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U.K. Softens Planned Income Hike for Family Visas

  1. Immigration Blog
  2. U.K. Softens Planned Income Hike for Family Visas

Income required to bring in foreign spouses reduced to £29,000 from £38,700

The United Kingdom scaled back plans for a steep increase in the minimum income needed to bring a foreign spouse into the country following protests over the policy announced earlier this month.

The threshold will now climb to £29,000 by next spring from £18,600, instead of the £38,700 announced December 4, according to a Home Office document posted on its website. The government said this would be an initial increase without indicating when it would make the full change and estimated that about 10,000 to 30,000 people will no longer qualify for the visa.

The government’s climbdown follows criticism of the policy that it would split families and force foreigners to leave the U.K. An organisation which campaigns on behalf of families affected by immigration rules, has instructed lawyers to challenge the changes, according to the The Times.

Experts from the Migration Advisory Committee said the change threatened to throw wedding plans into disarray because many U.K. residents intending to marry foreigners would no longer meet the minimum salary threshold needed to bring their spouses here, The Times said.

At the current minimum income requirement level of £18,600, 75 percent to 80 percent of U.K.’s working population would qualify for the visa based on the Annual Survey of Hours and Earnings, the government said. That ratio would drop to around 50 percent to 60 percent at an income level of £29,000, it said.

This estimate was based on earnings alone before considering savings and other non-work income, the government said. It also does not include those who seek recourse to Article 8 of the European Convention on Human Rights that enshrines the right to family life, under which several hundred claims are made every year.

There were 82,395 family-related visas granted in the year ending September 2023, according to the statement. Of these 65,278 or 79 percent were granted to partners, 13 percent to children and 8 percent to the ‘Other’ category.

The planned amendments to the family visa rule were part of a several changes announced by Home Secretary James Cleverly on December 4 to cut net annual migration by 300,000 or 40 percent.

Other changes included scrapping dependant visas for care workers, restricting sponsorship of care workers to organisations undertaking activities regulated by the Care Quality Commission, as well as an increase in the threshold salary for foreign workers to £38,700 from £26,200.

Earlier this year, the government also said that foreign students not involved in research would not be allowed to bring in dependants from January 1, 2024, while the immigration health surcharge that helps pay for the free National Health Service will rise to £1,035 from £624 from January 16.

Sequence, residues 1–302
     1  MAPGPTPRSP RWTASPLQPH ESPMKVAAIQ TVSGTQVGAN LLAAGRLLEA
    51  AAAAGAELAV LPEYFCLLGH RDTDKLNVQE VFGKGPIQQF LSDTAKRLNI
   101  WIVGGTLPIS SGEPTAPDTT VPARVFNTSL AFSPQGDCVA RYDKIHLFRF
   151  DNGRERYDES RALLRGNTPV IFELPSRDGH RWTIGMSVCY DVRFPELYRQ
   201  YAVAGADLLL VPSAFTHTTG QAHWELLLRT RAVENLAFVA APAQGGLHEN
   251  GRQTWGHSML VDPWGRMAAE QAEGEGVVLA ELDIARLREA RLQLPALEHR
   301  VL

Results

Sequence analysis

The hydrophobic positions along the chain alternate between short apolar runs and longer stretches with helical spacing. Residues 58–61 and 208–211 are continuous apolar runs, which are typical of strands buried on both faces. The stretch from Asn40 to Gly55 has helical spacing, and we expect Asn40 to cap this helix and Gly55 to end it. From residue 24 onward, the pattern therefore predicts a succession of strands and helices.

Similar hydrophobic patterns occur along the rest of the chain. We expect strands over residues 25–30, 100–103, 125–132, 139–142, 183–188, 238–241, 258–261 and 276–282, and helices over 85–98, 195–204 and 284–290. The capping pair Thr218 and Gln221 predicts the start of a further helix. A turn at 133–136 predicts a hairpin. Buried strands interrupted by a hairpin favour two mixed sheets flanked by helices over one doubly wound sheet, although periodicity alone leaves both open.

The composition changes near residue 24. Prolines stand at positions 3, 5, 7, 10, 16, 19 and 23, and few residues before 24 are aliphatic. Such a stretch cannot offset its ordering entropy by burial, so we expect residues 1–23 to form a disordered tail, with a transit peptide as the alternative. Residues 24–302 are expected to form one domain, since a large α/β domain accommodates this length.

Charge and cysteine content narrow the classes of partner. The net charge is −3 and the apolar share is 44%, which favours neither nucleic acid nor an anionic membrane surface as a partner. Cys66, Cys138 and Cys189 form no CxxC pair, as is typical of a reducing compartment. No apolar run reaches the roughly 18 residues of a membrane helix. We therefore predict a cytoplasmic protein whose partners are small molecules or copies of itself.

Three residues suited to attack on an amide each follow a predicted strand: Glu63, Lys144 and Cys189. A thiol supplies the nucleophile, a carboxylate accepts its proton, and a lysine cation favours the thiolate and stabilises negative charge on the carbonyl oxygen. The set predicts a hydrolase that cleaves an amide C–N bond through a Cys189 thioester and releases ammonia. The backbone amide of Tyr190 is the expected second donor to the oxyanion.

The government was pushed to announce the measures after net migration to the U.K. hit a record 745,000 in 2022, about three times the annual average before the pandemic. Curbing the inflow of foreigners was a key election plank of the Conservative Party.

As a result of the changes, about 120,000 fewer visas would be issued to care workers while the Care Quality Commission restriction would result in a drop of another 20,000 visas, the government estimated. Restrictions on student immigration will result in a decline of 140,000 visas and changes to the Skilled Worker visa rules, a drop of 15,000.

The government also said it will set out transitional arrangements, in due course, for people issued Skilled Worker visas before the salary changes announced on December 4 come into force.

The changes, however, threaten to strain the country’s care and hospitality sectors.

London mayor Sadiq Khan was quoted as saying that plans to cut legal migration will lead to a full-blown recruitment crisis in London, with vacancies in hospitality alone still higher than they were pre-pandemic.

Analysis by the Greater London Authority found that key sectors of the London economy worth billions to the exchequer could be left heavily understaffed. Of the 1 million people working in hospitality, healthcare, arts and construction in the capital, about 46 percent are non-U.K. nationals, according to the assessment.

All of them will face higher health fees unless they have secured indefinite leave to remain and many non-nationals earn far less than the revised skilled worker threshold of £38,700 and risk losing the right to remain in the U.K.

Nursing officials also said that the changes would endanger health and social care services and worsen the workforce crisis at the NHS and the social care sectors.

Miriam Deakin, director of policy and strategy at NHS Providers, was quoted as saying that it was vital that overseas health and care staff continue to view the U.K. as a viable place to work and live. With over 120,000 staff shortages in the NHS and over 150,000 in social care, measures that deter people from joining these professions are deeply concerning, she was quoted as saying.

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